Victoria’s greenhoods and rustyhoods.
Features over 70 species of greenhoods and rustyhoods found in Victoria. Each species is lavishly illustrated by multiple full colour photographs, along with information on where and when to find them.
Spider Orchids: The Genus Caladenia and its Relatives in Australia
This is a new publication on the genus Caladenia and its relatives (Adenochilus, Cyanicula, Ericksonella, Eriochilus, Glossodia, Elythranthera, Leptoceras, Pheladenia and Praecoxanthus), and covers the 395 species and subspecies of orchids in the subtribe Caladeniinae that occur in Australia. The work is 844 pages long (landscape format) and is illustrated with over 7,800 photographs, including photos of 143 naturally occurring hybrids. Every species is featured with descriptive text and a distribution map and for almost all species there are multiple photographs showing whole plants, flowers and labellum details. This work represents the most comprehensive presentation of Caladenia and its relatives in Australia ever undertaken.
Flowering Times of Tasmanian Orchids: A Practical Guide for Field Botanists
This document has been prepared to assist administrators (e.g. those in government agencies that recommend surveys for certain species), landowners, land managers, property developers, forest managers (e.g. those that are told they need to have a survey undertaken) and field botanists (e.g. those actually doing the surveys) in making rational decisions regarding the timing of surveys for orchids. It may also be a handy reference for orchid enthusiasts and botanists who wish to see what is likely to be flowering at any given time during the year.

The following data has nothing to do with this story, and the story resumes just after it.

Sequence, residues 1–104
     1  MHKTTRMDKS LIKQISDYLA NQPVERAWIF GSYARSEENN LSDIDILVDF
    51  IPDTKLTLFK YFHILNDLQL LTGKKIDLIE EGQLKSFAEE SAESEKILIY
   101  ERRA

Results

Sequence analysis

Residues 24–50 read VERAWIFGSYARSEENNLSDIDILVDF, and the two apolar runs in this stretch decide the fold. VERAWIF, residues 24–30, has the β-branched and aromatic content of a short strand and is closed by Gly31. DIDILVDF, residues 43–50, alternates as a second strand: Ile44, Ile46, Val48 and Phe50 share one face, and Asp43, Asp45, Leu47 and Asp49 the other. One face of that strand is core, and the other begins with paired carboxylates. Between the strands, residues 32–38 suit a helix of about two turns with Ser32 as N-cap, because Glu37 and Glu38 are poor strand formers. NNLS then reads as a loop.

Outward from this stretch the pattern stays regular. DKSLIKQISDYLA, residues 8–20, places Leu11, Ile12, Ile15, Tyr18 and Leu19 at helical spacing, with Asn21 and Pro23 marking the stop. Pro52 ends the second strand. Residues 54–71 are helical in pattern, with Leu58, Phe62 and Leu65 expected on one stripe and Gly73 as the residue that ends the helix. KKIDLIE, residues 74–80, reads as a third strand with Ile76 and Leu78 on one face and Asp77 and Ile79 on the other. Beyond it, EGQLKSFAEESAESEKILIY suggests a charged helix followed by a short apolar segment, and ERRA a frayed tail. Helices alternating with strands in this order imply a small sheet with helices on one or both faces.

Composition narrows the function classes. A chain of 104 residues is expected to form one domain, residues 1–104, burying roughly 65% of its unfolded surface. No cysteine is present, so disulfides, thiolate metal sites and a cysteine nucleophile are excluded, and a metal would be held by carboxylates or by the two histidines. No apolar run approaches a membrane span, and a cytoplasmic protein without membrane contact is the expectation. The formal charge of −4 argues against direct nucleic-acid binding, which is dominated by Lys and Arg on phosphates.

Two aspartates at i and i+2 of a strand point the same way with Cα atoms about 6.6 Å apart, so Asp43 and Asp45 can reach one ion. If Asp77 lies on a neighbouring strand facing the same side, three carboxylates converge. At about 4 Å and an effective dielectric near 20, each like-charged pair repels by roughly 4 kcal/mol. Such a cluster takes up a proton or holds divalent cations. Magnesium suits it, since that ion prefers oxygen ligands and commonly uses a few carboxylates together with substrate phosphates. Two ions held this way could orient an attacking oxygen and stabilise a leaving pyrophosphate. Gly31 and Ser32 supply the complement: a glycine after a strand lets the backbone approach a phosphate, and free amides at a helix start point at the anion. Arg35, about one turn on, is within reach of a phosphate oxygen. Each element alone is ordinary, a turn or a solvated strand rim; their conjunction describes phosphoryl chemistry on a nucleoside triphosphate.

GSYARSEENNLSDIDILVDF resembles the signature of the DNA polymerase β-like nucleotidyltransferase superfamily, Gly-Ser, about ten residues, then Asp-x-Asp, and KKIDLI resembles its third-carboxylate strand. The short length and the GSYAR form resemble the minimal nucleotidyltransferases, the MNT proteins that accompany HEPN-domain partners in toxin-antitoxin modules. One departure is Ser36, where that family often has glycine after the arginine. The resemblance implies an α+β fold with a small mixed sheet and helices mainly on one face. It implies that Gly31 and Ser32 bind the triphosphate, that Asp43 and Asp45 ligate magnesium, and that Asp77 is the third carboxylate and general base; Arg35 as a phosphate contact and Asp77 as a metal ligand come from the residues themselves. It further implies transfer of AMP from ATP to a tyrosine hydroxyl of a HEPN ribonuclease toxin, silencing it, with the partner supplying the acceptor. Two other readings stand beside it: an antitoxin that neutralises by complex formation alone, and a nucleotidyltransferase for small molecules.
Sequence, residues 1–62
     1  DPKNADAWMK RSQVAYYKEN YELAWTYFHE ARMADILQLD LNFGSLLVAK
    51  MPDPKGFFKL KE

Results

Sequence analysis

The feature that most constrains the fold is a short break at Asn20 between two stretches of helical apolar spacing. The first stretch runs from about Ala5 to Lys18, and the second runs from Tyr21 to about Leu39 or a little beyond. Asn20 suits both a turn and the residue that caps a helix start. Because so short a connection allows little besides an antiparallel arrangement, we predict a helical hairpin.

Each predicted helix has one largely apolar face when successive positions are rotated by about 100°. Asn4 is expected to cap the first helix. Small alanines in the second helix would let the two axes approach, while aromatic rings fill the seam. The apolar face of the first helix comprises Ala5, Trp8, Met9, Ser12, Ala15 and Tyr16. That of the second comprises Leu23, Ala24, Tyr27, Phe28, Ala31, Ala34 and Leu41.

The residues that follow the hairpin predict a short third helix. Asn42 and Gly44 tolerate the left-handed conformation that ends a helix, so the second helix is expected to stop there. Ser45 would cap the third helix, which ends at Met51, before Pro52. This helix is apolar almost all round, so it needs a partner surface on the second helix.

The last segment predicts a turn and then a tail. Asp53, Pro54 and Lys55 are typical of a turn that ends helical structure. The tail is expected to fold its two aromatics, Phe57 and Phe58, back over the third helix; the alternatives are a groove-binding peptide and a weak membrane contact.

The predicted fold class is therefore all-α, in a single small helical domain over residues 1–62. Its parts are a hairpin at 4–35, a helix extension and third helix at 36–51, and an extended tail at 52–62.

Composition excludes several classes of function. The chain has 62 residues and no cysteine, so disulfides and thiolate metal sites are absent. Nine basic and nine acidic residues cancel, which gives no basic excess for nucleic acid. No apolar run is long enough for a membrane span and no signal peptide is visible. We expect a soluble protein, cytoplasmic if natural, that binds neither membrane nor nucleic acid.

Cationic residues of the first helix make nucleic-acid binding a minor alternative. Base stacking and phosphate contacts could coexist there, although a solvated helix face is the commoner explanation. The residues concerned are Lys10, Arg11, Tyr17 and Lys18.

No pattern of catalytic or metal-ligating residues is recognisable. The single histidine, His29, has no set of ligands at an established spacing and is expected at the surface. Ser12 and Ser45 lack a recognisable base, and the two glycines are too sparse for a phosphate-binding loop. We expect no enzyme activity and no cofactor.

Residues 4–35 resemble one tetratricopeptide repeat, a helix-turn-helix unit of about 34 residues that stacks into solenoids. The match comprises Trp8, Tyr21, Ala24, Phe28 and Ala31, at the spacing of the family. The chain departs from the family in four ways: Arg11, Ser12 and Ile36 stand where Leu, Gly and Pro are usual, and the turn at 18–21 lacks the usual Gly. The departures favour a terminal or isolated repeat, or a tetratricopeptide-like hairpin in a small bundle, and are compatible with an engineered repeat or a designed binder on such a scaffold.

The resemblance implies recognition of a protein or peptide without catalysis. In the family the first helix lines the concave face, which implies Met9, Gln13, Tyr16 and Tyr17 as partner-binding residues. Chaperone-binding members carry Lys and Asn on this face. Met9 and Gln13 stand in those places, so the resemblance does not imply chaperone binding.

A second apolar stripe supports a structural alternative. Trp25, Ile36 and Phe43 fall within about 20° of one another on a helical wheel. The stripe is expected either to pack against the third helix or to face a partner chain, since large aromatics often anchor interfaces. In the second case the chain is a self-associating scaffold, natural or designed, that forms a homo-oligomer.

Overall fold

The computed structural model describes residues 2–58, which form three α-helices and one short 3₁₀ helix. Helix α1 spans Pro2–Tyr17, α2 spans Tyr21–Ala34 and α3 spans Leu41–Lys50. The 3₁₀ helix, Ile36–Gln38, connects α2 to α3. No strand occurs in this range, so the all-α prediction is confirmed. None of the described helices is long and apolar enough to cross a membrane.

Common Orchids of Tasmania: plant identikit.
This Common Orchids of Tasmania Identikit is part of the Tasmanian series of Plant Identikits.
Guide to Native Orchids of Victoria
This comprehensive guide describes the 447 species of wild orchids that occur in Victoria, Australia. This region is one of the richest in the world for its diversity of temperate terrestrial orchids. Orchid diversity in Victoria spans some of the smallest to some of the largest orchids in Australia, from the minute Mallacoota Midge Orchid, with flowers just 2 mm across, to the large King Orchid, with big plants having hundreds of fragrant flowers and weighing many kilograms.
Guide to Native Orchids of Victoria includes brief descriptions on all species, enabling their identification in the field. With more than 460 photographs of wild orchids in their natural habitat and distribution maps for almost all species, this guide will delight and inspire anyone interested in orchids.
Bush Gems: A Guide to the Wild Orchids of Victoria, Australia
This is a new publication on the wild orchids of the Australian State of Victoria and covers the 400 species of orchids currently recorded as occurring there. The work is 855 pages long (landscape format) and is illustrated with over 7,000 photographs. Every species is featured with descriptive text and a distribution map and for almost all species there are multiple photographs showing whole plants, flowers and labellum details. This work represents the most comprehensive treatment of the rich temperate terrestrial orchid flora of Victoria (complemented by a small number of epiphytes) ever undertaken.
Victoria’s summer orchids
The colourful terrestrial orchids of Victoria flower from Spring over Summer. We can admire the many yellow or purple blooms of the Diuris from late Spring, whilst the mostly pink Dipodium hyacinth-orchids are Summer flowering. The magnificent blue, pink or yellow coloured Thelymitra sun-orchids show over Spring and Summer, and with numerous flowers on a spike the Prasophyllum leek-orchids from Spring to the end of Summer.
Victoria’s cryptic orchids